Get Tulsa Kids Trekkin' is the result of the same community partnership but is targeted at youth and is designed to encourage physical activity and create nutrition awareness through activities and curriculum and through parental and school involvement. The program also provides intervention strategies that will help bring mandatory physical physical education back into public schools in Oklahoma.

Agency Community Roles
The project is operated by the Community Health Foundation, a 501©3 organization formed to provide public health projects that would complement health department programs and initiatives. The Tulsa Health Department donates staffing for the CHF, and several past and present Board of Health members sit on the CHF board. The program was designed by the coordinator, provided by the Tulsa Health Department, along with community stakeholders.

Get Tulsa Kids Trekkin' advisory board members include:

  • The coordinator of the CHF.

  • The administrative director of community services from Hillcrest Healthcare System.

  • Representatives from Tulsa's Subway restaurant chain.

  • Tulsa Health Department.

  • Tulsa Public Schools.

  • The YWCA.

  • The Governor's Council on Fitness and Sports.
This group meets monthly – or more often if necessary – to plan events and fundraisers and to discuss program goals and objectives. All members are active and their time—except for that of the CHF coordinator—is 100 percent voluntary. Meetings are held at the Health Department, which donates most of the program supplies. Other health department programs contribute volunteers, materials, and health fairs.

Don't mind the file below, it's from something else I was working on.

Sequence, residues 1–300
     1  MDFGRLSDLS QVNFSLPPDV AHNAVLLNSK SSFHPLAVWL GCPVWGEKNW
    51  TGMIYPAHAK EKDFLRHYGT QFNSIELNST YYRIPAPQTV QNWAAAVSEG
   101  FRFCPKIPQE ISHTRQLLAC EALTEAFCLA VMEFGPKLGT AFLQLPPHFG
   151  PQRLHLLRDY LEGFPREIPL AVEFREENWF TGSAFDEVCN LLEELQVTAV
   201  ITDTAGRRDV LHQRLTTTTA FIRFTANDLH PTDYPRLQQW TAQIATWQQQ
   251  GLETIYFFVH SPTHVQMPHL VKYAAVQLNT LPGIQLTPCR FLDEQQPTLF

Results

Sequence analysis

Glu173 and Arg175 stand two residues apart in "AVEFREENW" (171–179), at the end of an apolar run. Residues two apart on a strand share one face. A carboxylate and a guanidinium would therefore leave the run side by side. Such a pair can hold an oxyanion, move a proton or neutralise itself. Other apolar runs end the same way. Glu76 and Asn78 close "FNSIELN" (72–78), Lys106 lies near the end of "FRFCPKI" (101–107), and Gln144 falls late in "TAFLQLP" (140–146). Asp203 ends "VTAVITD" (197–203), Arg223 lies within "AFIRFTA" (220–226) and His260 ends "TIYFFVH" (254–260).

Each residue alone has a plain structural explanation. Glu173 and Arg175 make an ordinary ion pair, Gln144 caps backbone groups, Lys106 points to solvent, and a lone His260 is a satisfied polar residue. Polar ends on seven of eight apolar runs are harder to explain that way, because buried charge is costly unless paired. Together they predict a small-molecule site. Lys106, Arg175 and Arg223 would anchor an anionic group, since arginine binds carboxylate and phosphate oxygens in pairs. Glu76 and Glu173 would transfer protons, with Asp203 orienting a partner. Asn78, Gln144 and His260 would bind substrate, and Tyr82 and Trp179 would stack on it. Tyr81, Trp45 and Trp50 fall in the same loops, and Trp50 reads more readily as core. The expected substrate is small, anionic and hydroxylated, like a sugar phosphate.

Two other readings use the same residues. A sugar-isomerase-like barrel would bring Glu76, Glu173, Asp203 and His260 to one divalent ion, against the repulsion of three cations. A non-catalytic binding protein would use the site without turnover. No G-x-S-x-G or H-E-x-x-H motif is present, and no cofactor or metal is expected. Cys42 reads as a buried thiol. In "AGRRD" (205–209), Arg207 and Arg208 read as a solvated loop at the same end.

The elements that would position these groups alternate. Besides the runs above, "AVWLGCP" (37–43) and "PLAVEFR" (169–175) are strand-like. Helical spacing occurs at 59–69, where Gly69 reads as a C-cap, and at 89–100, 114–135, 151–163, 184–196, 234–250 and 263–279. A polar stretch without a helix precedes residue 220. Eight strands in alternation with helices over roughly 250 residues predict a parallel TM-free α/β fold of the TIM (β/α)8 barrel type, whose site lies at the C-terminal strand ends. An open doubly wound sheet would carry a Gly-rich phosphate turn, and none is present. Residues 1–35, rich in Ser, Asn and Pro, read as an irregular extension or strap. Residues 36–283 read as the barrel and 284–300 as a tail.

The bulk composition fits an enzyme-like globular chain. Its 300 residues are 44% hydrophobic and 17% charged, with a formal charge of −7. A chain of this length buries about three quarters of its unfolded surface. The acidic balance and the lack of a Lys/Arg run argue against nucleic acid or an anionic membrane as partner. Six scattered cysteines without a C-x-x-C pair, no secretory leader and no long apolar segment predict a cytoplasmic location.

Costs and Expenditures
When the project began in 2001, all staffing, materials, and project incentives were donated. The Tulsa Health Department donated the staff person who operated the project, a partner hospital donated printing for the activity journals, and all incentives (tennis shoes, duffle bags, water bottles, bicycles, helmets, and one trip for four to Disneyland) were donated by the Tulsa community.

Proceeds from the Tulsa Bike Club's annual Tour de Tulsa bicycle event paid for the winner's trip to Disneyland. This was given to a child whose name was drawn from a hopper filled with the names of the students who had completed the activity journal and all related activities. The Aetna Foundation funded five $1000 vouchers for school project supplies to be given to the teacher at each school who had the best class participation.

Since the project could not depend on donations for subsequent years, the Community Health Foundation began applying for grants through other local and national foundations. In addition, the coordinator has been creating partnerships in Tulsa that will help to pay the costs each year. Also, the Tulsa Bike Club has agreed to donate proceeds from the annual Tour de Tulsa as long as the event takes place.

Outcome Process Evaluation